Your office chair is killing you. Really.
That is to say, there is a real and serious link between the amount of time you spend sitting at a desk and your risk of dying.
Not from dying of pulmonary disease, or diabetes, or any of the illnesses you might associate with low levels of activity. There is a direct relationship between the time spent sitting and your risk of early mortality of any cause.
So what can you do about it? Quit your office job and dig ditches all day? The prospect of an early death is more appealing. Get a standing desk? Turns out those aren’t great for your health, either. Lay down and die? Well, apparently, we’re essentially doing that already.
Desk work isn’t going anywhere fast. In fact, sedentary jobs are growing faster than active, physical work.
What needs to happen is a renewed focus on ergonomics, with employers and workers taking steps to make work stations safer. That includes proper posture, frequent breaks, and yes — better office chairs.
When we think of workplace injuries, we tend to imagine construction sites and factories, not offices. But in truth, musculoskeletal disorders are one of the biggest causes of workplace injuries in Ontario. They account for half of all lost-time injuries and affect thousands of workers. Those include muscle sprains, nerve damage, and other issues that arise when you’re stuck in a chair all day.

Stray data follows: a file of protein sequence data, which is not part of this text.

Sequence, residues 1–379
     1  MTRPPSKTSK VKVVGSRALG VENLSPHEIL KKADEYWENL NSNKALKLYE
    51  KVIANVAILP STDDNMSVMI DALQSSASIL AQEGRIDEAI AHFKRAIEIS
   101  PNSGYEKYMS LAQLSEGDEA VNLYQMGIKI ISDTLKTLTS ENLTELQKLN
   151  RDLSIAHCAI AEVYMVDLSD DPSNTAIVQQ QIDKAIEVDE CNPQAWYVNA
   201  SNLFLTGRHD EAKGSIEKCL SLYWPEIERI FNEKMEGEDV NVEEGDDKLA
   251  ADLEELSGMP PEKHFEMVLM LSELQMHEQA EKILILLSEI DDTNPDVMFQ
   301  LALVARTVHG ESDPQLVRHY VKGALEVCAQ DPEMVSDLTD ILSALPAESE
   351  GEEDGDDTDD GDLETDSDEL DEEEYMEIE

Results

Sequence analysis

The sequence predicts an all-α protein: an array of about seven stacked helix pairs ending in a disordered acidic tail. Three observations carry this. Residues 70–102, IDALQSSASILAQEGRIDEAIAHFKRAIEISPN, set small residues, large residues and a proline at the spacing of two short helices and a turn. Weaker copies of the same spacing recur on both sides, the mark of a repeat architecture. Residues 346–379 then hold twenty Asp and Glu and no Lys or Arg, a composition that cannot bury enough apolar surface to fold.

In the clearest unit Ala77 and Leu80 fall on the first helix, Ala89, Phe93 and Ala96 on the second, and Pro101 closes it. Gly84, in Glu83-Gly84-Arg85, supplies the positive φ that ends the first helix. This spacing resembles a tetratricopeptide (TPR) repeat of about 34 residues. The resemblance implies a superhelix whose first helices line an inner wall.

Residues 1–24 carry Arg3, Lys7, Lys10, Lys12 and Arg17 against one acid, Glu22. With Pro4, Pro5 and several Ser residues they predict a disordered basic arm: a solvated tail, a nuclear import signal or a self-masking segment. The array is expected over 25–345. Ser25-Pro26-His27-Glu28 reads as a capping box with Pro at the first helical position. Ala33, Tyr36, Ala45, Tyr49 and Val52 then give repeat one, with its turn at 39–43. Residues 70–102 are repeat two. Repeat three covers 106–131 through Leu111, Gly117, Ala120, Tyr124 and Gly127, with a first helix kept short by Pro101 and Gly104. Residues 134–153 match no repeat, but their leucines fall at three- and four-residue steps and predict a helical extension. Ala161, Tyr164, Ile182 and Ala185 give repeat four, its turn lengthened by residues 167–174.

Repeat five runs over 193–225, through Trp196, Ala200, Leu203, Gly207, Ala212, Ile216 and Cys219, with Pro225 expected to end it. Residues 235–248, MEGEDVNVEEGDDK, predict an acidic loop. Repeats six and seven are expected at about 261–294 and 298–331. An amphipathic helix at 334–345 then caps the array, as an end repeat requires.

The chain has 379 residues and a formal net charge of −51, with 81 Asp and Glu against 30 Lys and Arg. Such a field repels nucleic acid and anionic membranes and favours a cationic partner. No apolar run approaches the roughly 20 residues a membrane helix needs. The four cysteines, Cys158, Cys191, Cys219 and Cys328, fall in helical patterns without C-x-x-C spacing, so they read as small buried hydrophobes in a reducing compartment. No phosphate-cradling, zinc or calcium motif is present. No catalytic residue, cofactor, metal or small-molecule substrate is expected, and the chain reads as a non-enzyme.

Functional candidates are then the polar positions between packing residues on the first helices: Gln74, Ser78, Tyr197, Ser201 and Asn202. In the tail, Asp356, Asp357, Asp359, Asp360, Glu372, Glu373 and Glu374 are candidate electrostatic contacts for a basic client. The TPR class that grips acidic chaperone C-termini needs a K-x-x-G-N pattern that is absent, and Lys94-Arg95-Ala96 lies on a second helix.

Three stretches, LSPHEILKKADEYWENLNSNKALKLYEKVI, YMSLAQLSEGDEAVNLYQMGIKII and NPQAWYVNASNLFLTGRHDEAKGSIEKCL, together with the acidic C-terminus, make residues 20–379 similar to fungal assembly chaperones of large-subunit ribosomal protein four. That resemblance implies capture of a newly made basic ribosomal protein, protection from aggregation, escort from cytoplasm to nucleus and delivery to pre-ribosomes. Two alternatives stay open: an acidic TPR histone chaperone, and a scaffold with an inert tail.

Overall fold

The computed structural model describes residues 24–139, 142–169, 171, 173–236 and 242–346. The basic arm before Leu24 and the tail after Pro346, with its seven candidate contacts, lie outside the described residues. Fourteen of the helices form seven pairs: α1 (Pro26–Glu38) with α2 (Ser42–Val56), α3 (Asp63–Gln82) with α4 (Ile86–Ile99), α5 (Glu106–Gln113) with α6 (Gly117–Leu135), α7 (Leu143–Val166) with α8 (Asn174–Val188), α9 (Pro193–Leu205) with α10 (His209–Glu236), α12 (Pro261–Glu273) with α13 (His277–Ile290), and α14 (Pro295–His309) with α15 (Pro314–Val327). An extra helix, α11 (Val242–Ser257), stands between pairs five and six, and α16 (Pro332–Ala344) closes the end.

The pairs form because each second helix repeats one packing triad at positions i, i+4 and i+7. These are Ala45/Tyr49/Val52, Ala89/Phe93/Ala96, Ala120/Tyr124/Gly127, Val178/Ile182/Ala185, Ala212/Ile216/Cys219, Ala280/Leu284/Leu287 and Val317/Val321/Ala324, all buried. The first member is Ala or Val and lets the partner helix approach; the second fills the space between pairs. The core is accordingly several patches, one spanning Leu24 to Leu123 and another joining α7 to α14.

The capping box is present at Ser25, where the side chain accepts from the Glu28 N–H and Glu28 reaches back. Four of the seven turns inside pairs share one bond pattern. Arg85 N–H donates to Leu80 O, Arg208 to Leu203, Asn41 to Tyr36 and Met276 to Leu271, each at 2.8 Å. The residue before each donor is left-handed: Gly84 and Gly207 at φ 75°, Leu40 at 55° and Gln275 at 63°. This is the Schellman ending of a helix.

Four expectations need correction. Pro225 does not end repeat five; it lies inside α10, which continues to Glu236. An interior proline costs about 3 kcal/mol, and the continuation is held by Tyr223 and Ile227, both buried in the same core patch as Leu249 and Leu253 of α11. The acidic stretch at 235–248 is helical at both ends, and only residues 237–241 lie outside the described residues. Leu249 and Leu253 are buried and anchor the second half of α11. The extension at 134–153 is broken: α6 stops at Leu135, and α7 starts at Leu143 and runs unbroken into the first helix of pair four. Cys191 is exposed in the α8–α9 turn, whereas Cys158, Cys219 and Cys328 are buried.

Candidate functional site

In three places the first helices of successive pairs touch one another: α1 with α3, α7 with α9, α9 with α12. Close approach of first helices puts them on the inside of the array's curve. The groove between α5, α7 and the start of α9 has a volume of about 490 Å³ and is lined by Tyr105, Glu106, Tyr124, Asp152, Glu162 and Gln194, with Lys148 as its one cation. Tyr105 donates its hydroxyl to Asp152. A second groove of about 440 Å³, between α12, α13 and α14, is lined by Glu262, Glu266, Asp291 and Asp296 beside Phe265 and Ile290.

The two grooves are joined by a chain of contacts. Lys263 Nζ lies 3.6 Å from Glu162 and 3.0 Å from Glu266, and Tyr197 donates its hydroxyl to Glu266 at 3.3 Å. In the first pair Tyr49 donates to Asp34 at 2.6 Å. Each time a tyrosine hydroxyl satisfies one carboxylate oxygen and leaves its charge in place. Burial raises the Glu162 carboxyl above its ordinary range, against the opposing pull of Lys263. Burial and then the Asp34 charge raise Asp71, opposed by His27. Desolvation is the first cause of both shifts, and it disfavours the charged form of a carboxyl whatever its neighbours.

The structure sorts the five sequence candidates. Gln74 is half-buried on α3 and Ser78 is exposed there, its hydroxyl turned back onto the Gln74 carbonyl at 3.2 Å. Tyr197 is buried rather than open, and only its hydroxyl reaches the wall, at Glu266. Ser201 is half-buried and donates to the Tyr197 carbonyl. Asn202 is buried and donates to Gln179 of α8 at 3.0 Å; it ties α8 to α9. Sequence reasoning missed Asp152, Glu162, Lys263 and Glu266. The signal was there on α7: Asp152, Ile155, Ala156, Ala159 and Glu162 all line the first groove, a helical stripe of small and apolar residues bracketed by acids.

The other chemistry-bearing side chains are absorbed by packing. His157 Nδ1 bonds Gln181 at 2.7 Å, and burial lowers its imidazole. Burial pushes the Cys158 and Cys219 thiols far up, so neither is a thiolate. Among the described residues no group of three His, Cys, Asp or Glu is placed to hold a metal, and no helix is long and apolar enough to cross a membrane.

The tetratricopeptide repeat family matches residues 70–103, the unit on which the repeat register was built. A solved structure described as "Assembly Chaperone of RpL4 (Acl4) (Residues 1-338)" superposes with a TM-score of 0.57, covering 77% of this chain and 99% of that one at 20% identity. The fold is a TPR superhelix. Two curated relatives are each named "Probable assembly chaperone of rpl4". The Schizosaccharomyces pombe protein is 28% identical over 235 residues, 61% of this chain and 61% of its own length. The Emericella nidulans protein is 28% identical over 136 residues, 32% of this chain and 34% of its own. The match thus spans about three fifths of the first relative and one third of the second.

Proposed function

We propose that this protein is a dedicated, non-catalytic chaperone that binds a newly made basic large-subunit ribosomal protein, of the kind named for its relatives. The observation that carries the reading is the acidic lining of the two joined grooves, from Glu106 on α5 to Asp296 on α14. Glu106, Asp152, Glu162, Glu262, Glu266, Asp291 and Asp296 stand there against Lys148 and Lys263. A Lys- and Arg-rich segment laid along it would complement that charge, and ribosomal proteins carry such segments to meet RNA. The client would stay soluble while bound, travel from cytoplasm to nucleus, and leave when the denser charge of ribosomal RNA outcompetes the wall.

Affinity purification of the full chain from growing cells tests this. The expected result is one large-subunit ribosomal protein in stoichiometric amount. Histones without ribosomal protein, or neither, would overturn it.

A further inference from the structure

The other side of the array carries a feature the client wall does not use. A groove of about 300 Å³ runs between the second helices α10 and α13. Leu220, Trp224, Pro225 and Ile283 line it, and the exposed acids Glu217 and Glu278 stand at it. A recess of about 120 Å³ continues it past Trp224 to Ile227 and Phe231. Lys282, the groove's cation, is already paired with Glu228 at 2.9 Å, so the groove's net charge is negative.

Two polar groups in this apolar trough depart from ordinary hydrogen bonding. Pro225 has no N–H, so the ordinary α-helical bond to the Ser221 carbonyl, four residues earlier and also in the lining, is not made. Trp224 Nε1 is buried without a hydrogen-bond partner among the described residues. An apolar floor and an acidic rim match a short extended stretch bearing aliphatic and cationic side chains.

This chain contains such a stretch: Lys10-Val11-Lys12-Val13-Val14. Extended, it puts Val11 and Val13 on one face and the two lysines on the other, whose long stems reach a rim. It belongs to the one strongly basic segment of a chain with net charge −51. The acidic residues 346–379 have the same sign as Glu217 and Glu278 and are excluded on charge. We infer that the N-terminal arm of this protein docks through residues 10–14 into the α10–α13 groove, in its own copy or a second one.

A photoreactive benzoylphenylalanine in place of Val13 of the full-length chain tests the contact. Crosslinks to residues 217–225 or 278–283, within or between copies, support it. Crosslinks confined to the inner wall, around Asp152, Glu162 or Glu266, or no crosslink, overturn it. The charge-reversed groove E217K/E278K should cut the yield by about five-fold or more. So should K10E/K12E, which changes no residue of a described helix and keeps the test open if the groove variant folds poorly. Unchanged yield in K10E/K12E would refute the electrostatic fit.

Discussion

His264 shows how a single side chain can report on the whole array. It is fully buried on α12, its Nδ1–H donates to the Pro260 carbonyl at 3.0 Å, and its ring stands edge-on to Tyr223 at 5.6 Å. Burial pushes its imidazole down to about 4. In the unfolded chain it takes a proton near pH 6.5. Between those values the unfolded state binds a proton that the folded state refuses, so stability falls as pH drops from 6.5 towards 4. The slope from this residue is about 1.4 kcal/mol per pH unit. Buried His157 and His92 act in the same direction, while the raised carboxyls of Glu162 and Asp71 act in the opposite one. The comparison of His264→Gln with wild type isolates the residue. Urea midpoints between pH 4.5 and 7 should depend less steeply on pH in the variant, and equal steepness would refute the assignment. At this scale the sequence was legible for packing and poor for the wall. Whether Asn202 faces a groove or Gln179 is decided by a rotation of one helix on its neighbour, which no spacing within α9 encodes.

Implementing ergonomics is more than buying a better chairs (though it certainly doesn’t hurt). As mentioned, part of it involves training workers to take adequate breaks from their desk — and of course ensuring that management allows this.
There are lots of other ways to modify the workplace environment in order to promote health and wellness, including:
- Keeping frequently-used items within easy reach
- Sitting with good posture
- Making sure your monitor is at eye-level
- Placing a light behind your monitor to reduce contrast
One organization that can help you learn more about ergonomics and implement safer work stations is the Public Services Health & Safety Association. Click here for PSHSA training.